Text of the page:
The policy reduced the number of private vehicles on Market Street and simplified turn movements. The outcome is a lowered risk of collisions between pedestrians, cyclists and drivers at high-injury intersections along Market Street.
Another goal the city outlined is to make the corridor safer. We found that within weeks after the implementation of Safer Market Street, drivers were less likely to engage in aggressive driving behavior, such as hard braking and speeding.
After 1 month, we observed 39% reduction in speeding and 15% reduction in hard braking. Over the course of 6 months, the improvements to the impacted corridor are even more striking – 72% reduction in speeding and 37% reduction in hard braking.
The decrease in hard braking and speeding is a leading indicator of reduced collision risk along the corridor. We hypothesize that simplified intersections results in smoother traffic flow. This helps drivers focus more on the road, signage like speed limits and cyclists and pedestrians around them. It also results in drivers needing to start and stop less frequently, which means less lurching and hard braking.
Additionally, we found that the positive impact was not restricted to Market Street. Our data showed there was a positive ripple effect along neighboring Mission Street one block down. Over the course of 6 months, we observed 56% reduction in speeding and 47% reduction in hard braking along the Mission Street corridor parallel to the impacted Market Street corridor.*
This positive side effect is likely the result of a network effect. After a change in driving behavior on one street, driving behavior is expected to change on neighboring streets within the network (3). As drivers improve their driving behavior on Market Street, the network effect means they continue to drive safely as they navigate to adjacent roads like Mission Street. In addition, there is a common perception among drivers after changes in transit policy that there is more monitoring by enforcement in areas surrounding impacted roads. Studies show that people who are aware of being observed are more likely to improve their behavior (4).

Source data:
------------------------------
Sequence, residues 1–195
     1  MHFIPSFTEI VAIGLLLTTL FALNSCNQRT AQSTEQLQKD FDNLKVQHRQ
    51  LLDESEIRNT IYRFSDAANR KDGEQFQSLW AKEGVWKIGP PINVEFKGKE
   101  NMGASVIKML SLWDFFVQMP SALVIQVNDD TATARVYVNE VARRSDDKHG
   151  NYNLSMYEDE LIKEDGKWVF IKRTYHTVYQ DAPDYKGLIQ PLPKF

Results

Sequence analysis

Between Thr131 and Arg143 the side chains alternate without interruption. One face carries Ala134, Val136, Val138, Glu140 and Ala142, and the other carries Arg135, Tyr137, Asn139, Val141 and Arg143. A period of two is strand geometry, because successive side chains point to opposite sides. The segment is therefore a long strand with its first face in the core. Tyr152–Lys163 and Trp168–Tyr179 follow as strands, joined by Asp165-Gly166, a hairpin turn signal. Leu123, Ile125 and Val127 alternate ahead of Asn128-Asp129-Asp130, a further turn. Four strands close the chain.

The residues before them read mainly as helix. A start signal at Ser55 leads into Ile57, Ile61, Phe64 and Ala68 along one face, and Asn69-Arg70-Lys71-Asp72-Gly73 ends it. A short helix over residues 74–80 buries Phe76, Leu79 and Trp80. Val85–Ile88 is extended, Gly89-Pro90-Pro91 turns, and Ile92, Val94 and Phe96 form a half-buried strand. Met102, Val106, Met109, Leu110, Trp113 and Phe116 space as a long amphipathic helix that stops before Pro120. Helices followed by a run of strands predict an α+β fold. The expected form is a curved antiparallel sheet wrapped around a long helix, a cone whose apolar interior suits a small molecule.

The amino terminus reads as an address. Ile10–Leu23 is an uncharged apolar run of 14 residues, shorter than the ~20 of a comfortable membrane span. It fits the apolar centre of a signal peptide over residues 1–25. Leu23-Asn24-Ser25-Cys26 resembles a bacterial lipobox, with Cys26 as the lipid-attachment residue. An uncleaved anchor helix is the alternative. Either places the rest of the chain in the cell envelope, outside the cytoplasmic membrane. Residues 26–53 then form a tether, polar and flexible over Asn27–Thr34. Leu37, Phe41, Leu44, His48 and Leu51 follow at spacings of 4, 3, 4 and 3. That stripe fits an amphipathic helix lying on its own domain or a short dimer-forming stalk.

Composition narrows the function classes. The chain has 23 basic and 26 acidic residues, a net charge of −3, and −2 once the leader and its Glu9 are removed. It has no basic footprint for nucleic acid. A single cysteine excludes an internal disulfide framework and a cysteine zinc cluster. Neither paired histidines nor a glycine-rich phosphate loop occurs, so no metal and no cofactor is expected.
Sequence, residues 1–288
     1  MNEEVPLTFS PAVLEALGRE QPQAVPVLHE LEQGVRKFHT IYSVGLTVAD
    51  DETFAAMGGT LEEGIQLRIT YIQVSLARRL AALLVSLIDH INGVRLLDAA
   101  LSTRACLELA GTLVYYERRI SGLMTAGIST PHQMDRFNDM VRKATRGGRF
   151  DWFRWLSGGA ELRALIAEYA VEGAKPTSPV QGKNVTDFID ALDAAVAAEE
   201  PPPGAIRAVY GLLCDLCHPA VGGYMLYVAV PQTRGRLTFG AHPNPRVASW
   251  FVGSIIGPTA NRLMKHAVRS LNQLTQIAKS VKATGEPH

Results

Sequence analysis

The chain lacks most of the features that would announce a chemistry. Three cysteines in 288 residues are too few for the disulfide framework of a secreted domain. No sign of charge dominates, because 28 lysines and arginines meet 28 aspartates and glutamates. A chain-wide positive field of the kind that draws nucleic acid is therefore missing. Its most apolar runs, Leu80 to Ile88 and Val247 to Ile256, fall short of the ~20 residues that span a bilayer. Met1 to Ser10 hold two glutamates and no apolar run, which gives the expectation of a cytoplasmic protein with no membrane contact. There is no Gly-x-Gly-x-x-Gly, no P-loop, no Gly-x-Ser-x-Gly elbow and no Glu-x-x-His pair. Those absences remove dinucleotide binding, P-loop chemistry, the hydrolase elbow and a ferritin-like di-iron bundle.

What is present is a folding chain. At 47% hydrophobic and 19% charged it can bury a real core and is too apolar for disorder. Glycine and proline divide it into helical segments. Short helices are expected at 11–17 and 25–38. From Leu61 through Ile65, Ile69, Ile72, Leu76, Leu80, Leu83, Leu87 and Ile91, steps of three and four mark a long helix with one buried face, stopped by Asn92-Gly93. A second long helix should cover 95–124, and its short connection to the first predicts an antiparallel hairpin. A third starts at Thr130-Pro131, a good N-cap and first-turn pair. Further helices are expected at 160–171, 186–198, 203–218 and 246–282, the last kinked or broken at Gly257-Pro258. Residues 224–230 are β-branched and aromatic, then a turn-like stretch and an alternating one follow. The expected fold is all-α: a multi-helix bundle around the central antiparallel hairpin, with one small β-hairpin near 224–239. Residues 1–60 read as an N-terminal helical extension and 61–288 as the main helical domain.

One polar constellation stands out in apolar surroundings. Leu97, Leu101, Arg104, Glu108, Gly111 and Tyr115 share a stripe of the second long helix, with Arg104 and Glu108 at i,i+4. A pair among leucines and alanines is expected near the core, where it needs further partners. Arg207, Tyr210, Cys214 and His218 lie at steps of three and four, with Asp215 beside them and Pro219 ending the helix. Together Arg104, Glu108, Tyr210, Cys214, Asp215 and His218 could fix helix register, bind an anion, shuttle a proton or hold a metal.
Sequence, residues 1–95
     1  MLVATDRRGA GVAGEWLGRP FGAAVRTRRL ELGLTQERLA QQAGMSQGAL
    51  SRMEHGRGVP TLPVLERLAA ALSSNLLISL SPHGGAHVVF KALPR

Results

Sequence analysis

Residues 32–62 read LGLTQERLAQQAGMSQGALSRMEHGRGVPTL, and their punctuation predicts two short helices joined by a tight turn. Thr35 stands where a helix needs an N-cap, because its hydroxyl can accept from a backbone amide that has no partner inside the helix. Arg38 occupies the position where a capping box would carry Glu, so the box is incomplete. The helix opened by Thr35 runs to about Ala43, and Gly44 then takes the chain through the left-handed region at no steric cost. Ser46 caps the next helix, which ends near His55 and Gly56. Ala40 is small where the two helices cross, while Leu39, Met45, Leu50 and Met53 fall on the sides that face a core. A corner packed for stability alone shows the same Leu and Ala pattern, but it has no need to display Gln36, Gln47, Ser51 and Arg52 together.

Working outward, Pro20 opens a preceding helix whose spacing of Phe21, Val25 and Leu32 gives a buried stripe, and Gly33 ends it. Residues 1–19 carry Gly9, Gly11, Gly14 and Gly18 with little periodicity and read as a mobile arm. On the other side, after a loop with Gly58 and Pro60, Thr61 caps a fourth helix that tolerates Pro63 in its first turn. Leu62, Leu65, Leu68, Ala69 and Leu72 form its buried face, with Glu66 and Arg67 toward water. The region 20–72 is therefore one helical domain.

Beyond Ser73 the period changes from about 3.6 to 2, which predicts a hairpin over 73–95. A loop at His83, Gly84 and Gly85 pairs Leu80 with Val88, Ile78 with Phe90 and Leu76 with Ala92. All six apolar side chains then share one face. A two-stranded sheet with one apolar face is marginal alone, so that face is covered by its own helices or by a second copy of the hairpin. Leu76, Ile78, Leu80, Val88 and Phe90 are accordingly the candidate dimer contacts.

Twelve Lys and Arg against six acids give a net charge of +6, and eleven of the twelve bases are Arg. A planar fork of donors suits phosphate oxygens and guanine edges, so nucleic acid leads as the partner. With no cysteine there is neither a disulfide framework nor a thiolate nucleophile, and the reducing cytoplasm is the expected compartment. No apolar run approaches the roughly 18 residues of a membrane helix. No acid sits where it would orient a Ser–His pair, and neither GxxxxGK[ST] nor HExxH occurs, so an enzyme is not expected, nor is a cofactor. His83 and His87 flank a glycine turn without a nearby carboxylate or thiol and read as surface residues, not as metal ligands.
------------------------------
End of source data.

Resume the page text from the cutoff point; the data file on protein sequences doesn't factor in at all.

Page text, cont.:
The Safer Market Street improvements reduced traffic and made driving through formerly complicated intersections more straightforward. These better and simpler road conditions allow drivers to pay more attention to the traffic around them. This has resulted in less speeding and hard braking, and safer roads for drivers, passengers, cyclists and pedestrians.
Furthermore, the Safer Market Street project has spread its positive impact to Mission Street and likely beyond, taking San Francisco one step closer to realizing its Vision Zero goal.
To read our full study, download the PDF version here.
*Traffic volumes along the impacted Market Street corridor were normalized to account for seasonality and fluctuations in overall city traffic volume. All percentage decreases in speeding and hard braking were normalized to account for the reduction in total traffic volume along the corridor.
(1) SFMTA and SF County Transportation Authority Technology, Data & Analysis Team, 2016.
(2) U.S. Department of Transportation National Highway Traffic Safety, 2005, Elander, 1993 and Wahlberg, 2007
(3) Zhu and Levinson, 2009
(4) Wouters and Bos, 2000